One of the perks of travelling in Europe is that there are no roaming costs in all EU-member states, which means that you can buy a SIM card in any European country and use it anywhere in the region. Surprisingly, Bulgaria has one of the fastest Wi-Fi in Europe and nearly every restaurants or cafés offer free Wi-Fi access.
Budget accommodation typically means staying in a hostel. The good news is, Bulgarian hostels are super backpacker-friendly. For as low as €10 a night in Sofia or Plovdiv, you get a dorm bed, free breakfast, free vegetarian meals, and sometimes even a free beer or lemonade! Staying in a hostel also allows you to meet like-minded travellers who prefer off-beaten destinations and a great place to exchange less-known places to explore.
Many does not know this: Bulgarian yoghurt is the best in the world. This Balkan cuisine has actively embraced yogurt, which has become a national icon and is considered a staple food.
It is not expensive to eat out in Bulgaria. A meal typically cost about €4-€8, less if you know where to find local eatery. Start your day with a big breakfast from little bakery shops which can be found in every neighborhood with typical pastries, such as banitsa, kifla or milinka. For lunch try tarator (a yoghurt soup) in summer and a shopska salad. For dinner, order a kebapche (grilled minced meat with spices) with potatoes. An interesting thing to note is that, Bulgarians like to know the weight of the food they are paying for, especially when it comes to meat dishes.
Join Balkan Bites for a free walking food tour in Sofia to learn about the history and customs of Bulgarian cuisine.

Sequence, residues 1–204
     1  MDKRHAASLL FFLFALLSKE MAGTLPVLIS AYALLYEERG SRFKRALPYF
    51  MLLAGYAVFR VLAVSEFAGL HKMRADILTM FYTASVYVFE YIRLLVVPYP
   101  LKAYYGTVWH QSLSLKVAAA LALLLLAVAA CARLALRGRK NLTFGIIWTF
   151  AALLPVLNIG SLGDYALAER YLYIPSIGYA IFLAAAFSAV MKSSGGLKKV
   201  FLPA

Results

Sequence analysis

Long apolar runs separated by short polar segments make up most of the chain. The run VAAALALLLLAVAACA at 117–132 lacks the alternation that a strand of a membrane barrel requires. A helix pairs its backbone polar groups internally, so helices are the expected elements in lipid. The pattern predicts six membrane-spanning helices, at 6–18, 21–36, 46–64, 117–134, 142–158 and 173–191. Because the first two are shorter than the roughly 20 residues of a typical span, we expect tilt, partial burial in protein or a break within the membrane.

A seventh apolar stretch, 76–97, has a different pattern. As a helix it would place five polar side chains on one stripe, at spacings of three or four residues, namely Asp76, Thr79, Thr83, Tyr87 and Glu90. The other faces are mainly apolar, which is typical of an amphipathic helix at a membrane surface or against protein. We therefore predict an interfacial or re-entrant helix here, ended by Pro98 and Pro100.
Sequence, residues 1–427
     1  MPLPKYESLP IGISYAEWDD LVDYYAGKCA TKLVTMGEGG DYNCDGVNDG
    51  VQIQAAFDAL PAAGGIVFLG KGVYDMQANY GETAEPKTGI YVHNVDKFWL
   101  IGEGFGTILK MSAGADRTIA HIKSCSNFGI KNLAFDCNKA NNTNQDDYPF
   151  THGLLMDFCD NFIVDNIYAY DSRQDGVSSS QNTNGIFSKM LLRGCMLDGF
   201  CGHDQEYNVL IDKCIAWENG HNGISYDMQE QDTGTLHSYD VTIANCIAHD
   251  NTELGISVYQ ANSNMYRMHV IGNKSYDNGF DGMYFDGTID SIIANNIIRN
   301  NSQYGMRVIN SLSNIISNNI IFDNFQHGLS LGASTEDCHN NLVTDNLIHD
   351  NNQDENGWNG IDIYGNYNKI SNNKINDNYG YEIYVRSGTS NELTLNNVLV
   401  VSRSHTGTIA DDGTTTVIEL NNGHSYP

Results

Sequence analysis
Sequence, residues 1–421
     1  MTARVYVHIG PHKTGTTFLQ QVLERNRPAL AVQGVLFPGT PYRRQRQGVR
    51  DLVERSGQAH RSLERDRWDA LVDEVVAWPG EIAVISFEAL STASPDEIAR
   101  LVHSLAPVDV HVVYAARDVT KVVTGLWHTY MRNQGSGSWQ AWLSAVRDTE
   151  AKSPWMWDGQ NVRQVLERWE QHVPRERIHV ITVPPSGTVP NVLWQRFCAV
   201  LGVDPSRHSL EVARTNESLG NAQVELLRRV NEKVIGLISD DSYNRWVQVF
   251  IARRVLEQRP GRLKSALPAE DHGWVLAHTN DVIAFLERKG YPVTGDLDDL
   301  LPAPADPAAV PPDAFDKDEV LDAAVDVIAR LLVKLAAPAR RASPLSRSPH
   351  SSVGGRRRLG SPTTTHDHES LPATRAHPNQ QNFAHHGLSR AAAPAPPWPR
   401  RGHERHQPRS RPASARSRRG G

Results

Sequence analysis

If you dislike buying bottled water, you will be delighted to know that tap water is safe to drink all over the country. Bulgarian mineral water is known for its healing properties and there are fountains all over the country where you can fill your bottle.
In a country like Bulgaria where English isn’t widely spoken, you have to rely a lot on body language. Quite possibly the most confusing cultural difference in Bulgaria: you nod for No and shake your head for Yes. When in doubt, just confirm verbally — “da” means “yes” and “ne” means “no.”
Few locals speak English outside of the tourism industry. Learn some basic words in Bulgarian, or write down the common phrases in Cyrillic, or simply use Google Translator. Locals will always appreciate the gestures of foreigners trying to learn their language.
Like in most destinations, the same common sense safety tips apply to solo female travelers in Bulgaria.
A common and unpleasant observation is people going through the trash bins on horse-pulled carts full of garbage. They’re harmless, although not a pretty sight. Another familiar sight is seeing drunkards sitting around the parks as early as 5pm. Beware of pickpockets, especially at tourist attractions or on public transportation, and keep your valuables in a cross-body purse or a money belt. Always be careful when crossing streets, as drunk or reckless drivers are a huge problem.
The Bulgarian nightlife actively maintains a male-dominated atmosphere, with women drinking alone attracting attention. As long as you keep your guard up, you’re unlikely to encounter anything worse than a handful of cat-calls.
This is one of those fun facts about Bulgaria that most people aren’t aware of: 80% of the world’s rose oil is produced in this Balkan country. Most of the roses in Bulgaria are grown in Kazanluk (Rose Valley) and it takes 10,000 roses to fill a single 5ml bottle! On top of that, Bulgaria is also one of the world’s leading lavender oil producer, generating close to 150-tons of lavender oil per year, surpassing France.